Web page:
Chromosomally and extrachromosomally mediated high-level gentamicin resistance in Streptococcus agalactiae

Sendi, Parham; Furitsch, Martina; Mauerer, Stefanie; Florindo, Carlos; Kahl, Barbara C; Shabayek, Sarah; Berner, Reinhard; Spellerberg, Barbara (2016). Chromosomally and extrachromosomally mediated high-level gentamicin resistance in Streptococcus agalactiae. Antimicrobial agents and chemotherapy, 60(3), pp. 1702-1707. American Society for Microbiology 10.1128/AAC.01933-15

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Streptococcus agalactiae (group B Streptococcus, GBS) is a leading cause of sepsis in neonates. The rate of invasive GBS disease in non-pregnant adults also continues to climb. Aminoglycosides alone have little or no effect on GBS, but synergistic killing with penicillin has been shown in vitro. High-level gentamicin resistance (HLGR) in GBS isolates, however, leads to loss of a synergistic effect. We therefore performed a multicentre study to determine the frequency of HLGR GBS isolates and to elucidate the molecular mechanisms leading to gentamicin resistance. From eight centres in four countries, 1128 invasive and colonizing GBS isolates were pooled and investigated for the presence of HLGR. We identified two strains that displayed HLGR (BSU1203 and BSU452), both of which carried the aacA-aphD gene, typically conferring HLGR. Though, only one strain (BSU1203) also carried the previously described chromosomal gentamicin resistance transposon, designated Tn3706. In the other strain (BSU452), plasmid purification and subsequent DNA sequencing resulted in the detection of plasmid pIP501 carrying a remnant of a Tn3 family transposon. Its ability to confer HLGR was proven by transfer into an Enterococcus faecalis isolate. Conversely, loss of HLGR was documented after curing both GBS BSU452 and the transformed E. faecalis strain from the plasmid. This is the first report showing a plasmid mediated HLGR in GBS. Thus, in our clinical GBS isolates HLGR is mediated both chromosomally and extrachromosomally.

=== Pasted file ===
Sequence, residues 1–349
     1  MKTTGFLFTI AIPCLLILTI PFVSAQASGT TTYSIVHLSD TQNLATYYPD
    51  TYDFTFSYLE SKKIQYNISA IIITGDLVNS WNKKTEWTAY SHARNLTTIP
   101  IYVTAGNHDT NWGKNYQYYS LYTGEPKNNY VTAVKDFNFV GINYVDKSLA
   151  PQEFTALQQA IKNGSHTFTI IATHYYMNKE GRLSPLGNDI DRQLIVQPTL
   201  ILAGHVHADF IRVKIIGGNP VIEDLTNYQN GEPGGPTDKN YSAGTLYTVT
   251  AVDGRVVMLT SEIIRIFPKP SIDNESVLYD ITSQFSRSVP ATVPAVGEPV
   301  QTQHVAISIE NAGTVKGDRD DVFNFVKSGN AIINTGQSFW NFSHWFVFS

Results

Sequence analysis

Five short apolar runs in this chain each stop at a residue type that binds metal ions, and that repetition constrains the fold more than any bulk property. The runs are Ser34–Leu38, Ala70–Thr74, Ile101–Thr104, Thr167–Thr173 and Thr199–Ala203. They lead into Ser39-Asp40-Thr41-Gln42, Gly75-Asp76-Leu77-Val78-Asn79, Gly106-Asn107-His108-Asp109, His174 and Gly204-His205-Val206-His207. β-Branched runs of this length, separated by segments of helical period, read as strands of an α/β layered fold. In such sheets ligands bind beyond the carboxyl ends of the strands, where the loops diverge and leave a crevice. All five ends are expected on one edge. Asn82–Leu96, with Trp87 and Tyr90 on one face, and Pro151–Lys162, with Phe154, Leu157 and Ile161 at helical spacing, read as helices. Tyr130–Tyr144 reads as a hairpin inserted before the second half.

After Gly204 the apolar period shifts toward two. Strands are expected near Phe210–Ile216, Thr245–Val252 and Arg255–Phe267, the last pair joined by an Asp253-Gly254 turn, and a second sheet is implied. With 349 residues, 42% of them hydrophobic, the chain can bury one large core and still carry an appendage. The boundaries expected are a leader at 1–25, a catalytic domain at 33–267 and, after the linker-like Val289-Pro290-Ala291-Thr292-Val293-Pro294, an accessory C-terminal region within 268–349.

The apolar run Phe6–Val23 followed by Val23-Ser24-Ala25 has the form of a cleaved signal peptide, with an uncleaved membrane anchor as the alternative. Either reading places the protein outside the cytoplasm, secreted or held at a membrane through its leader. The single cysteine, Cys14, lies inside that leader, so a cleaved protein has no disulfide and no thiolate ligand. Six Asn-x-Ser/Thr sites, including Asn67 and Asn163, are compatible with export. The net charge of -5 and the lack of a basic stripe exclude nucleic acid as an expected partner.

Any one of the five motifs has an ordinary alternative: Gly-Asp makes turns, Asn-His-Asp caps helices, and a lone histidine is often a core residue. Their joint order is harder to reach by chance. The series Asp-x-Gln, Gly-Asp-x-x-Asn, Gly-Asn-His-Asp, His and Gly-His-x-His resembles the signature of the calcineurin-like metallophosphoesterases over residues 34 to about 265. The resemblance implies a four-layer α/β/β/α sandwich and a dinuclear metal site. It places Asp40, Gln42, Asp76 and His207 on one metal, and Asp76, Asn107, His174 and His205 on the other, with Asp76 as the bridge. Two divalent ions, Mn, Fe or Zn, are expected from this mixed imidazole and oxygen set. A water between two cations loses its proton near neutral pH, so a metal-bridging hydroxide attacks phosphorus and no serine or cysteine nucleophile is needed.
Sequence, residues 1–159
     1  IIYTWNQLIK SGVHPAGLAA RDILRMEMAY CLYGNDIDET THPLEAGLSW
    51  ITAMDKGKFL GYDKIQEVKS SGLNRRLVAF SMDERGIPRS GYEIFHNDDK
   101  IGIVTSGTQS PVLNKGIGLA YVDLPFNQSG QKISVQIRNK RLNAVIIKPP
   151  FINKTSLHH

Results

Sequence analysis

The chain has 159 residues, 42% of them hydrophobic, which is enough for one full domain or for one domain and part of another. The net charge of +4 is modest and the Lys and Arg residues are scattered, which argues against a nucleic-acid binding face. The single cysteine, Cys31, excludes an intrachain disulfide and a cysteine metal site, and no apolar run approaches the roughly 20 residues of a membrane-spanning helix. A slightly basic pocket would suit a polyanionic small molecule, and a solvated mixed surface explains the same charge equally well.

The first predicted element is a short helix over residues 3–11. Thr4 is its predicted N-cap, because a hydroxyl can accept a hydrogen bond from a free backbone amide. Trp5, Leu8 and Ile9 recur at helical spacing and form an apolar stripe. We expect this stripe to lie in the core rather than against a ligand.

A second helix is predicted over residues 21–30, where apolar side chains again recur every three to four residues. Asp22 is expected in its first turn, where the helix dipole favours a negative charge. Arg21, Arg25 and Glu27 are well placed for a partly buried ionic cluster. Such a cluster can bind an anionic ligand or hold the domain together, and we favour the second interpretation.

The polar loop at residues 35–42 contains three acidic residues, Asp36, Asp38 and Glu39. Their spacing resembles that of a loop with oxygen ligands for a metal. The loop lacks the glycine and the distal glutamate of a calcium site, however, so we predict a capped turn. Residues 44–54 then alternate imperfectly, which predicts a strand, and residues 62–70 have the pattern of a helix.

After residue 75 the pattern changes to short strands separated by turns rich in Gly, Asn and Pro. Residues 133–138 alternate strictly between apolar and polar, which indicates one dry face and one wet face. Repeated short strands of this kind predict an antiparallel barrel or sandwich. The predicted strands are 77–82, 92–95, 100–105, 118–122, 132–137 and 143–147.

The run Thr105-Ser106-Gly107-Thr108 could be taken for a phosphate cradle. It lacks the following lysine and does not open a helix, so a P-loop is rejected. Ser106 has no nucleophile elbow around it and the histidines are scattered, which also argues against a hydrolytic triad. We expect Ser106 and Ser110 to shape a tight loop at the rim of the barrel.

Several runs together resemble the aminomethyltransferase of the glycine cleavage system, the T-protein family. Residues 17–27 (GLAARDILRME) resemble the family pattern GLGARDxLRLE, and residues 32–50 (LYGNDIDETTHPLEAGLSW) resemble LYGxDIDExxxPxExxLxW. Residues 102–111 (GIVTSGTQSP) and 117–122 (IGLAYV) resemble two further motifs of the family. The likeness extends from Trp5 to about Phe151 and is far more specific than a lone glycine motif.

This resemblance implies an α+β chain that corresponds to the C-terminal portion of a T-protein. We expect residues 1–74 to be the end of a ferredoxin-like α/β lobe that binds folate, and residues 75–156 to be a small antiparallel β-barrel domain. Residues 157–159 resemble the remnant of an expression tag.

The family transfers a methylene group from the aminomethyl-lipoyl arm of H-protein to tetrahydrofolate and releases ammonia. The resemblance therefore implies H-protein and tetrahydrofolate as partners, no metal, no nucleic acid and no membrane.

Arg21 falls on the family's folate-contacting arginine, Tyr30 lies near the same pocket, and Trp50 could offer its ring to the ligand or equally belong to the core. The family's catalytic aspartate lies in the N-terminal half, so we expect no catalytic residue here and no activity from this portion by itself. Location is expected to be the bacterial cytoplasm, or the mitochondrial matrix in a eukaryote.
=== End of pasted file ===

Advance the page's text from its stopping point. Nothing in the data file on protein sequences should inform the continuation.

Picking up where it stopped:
Item Type:

Journal Article (Original Article)


04 Faculty of Medicine > Department of Haematology, Oncology, Infectious Diseases, Laboratory Medicine and Hospital Pharmacy (DOLS) > Clinic of Infectiology

UniBE Contributor:

Sendi, Parham


600 Technology > 610 Medicine & health




American Society for Microbiology




Annelies Luginbühl

Date Deposited:

09 Feb 2016 13:50

Last Modified:

05 Jul 2016 02:30

Publisher DOI:


PubMed ID:





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